>

                            > ----- Original Message -----

                            > From: "David Brown" <johnhaleysims@ yahoo.co. uk

                            > <mailto:johnhaleysi ms%40yahoo. co.uk> >

                            > To: <RedHotJazz@yahoogro ups.com <mailto:RedHotJazz% 40yahoogroups. com> >

                            > Sent: Friday, October 16, 2009 11:13 AM

                            > Subject: RE: [RedHotJazz] Re: BUDDY CHRISTIAN CREOLE FIVE

                            >

                            >> > On Harry Cooper, I find not only the Fouad and Rostaing but three sessions

                            >> > in Paris under his own name 1943 and 1947. Do you have these and/or know

                            >> > where they were ever available ?

                            >

                            > I've just read Howard's reply, but just in case some would match... 7

                            > tracks, apparently issued under Harry Cooper's name, are available on Swing

                            > Caraibe : Paris 1929-1946 by Frémeaux et associés, FA 069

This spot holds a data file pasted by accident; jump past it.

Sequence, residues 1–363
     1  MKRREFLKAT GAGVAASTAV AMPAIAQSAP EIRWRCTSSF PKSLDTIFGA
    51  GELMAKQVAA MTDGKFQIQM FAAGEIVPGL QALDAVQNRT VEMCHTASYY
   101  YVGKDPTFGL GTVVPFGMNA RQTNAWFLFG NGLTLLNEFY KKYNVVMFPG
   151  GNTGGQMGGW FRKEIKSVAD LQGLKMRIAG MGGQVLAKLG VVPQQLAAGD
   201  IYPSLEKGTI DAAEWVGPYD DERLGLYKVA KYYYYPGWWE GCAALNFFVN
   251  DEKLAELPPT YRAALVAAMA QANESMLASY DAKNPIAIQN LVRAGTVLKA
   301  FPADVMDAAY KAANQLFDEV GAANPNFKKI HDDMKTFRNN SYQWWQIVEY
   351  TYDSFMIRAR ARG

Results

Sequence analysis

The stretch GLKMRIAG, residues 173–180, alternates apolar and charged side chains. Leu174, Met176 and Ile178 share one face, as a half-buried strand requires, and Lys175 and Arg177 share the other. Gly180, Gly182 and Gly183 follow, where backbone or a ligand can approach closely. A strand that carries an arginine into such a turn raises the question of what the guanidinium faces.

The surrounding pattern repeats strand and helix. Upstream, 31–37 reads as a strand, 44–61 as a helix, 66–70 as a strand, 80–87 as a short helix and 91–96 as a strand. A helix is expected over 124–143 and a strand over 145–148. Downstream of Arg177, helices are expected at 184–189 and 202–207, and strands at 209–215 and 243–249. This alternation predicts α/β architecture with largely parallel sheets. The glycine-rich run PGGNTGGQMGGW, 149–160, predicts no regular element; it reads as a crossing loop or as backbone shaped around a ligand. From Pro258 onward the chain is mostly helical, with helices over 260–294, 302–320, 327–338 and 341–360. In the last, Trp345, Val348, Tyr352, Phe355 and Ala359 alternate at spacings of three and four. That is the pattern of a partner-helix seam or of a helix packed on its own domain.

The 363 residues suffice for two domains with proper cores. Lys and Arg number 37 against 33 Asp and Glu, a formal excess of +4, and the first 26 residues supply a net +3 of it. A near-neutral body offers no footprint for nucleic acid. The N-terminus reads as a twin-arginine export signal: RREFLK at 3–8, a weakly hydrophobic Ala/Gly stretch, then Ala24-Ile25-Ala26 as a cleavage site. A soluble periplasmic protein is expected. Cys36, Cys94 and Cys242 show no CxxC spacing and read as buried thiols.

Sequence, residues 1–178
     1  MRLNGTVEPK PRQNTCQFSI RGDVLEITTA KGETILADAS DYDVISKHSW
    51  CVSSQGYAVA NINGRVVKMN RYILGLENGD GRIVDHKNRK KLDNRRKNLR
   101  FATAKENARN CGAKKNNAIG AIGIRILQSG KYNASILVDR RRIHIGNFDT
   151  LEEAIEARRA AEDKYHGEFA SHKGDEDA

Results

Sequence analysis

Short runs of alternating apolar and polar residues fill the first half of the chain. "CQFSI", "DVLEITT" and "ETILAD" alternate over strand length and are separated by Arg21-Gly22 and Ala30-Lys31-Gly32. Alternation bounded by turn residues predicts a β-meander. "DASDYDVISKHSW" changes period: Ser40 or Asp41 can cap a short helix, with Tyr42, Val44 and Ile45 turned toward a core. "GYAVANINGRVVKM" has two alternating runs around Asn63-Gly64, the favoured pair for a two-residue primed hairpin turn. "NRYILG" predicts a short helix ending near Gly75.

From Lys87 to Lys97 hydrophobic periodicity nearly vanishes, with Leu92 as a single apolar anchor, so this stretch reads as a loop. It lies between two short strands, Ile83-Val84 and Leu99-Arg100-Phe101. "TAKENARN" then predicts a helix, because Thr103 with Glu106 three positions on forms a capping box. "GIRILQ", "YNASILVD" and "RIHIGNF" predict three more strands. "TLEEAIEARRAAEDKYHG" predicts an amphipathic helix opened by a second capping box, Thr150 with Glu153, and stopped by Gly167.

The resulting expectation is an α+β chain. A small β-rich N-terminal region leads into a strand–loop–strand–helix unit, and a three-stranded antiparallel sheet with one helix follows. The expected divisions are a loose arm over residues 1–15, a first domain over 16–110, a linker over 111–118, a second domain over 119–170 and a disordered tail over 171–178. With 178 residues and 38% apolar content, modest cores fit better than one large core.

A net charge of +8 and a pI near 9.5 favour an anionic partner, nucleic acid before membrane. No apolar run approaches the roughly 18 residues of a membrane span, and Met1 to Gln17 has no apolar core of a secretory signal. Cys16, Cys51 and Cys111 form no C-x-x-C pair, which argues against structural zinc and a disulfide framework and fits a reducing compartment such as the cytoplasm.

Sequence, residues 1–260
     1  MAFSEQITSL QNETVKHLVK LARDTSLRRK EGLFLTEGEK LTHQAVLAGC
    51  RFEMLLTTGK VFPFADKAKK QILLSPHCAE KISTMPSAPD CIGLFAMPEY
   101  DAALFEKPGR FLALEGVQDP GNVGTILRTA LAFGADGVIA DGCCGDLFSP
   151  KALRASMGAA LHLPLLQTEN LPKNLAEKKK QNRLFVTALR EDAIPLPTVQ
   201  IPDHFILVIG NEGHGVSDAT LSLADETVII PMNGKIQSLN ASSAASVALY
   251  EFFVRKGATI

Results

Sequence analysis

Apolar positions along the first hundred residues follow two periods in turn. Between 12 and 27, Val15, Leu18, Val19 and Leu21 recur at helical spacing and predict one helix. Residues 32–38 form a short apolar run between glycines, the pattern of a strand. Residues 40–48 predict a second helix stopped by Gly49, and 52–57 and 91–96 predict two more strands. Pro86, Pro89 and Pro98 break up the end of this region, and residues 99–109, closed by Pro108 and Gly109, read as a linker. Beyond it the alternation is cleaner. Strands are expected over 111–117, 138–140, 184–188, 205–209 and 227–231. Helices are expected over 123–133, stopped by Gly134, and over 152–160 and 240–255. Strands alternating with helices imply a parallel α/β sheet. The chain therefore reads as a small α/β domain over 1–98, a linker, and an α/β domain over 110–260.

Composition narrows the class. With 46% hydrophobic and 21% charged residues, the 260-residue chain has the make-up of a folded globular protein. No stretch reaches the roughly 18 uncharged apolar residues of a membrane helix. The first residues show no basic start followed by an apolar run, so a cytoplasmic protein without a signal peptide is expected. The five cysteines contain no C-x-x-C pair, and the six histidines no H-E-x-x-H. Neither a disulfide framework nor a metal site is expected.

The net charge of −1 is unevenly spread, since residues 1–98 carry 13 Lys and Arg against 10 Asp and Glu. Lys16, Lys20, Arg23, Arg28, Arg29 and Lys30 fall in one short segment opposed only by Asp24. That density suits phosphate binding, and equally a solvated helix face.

> http://tinyurl. com/yh8xgux (Inspiration, Nuages, La Cigale, Allegro, Nos

                            > impressions, Caprice en Ut, Lune Rosse - tracks listing also on

                            > Amazon.co.uk) .

                            >

                            > Patrice

                            >

                            >

                            >

                            >

                            >>

                            >

                            >

                            > Howard Rye, 20 Coppermill Lane, London, England, E17 7HB

                            > howard@coppermill. demon.co. uk

                            > Tel/FAX: +44 20 8521 1098

                            >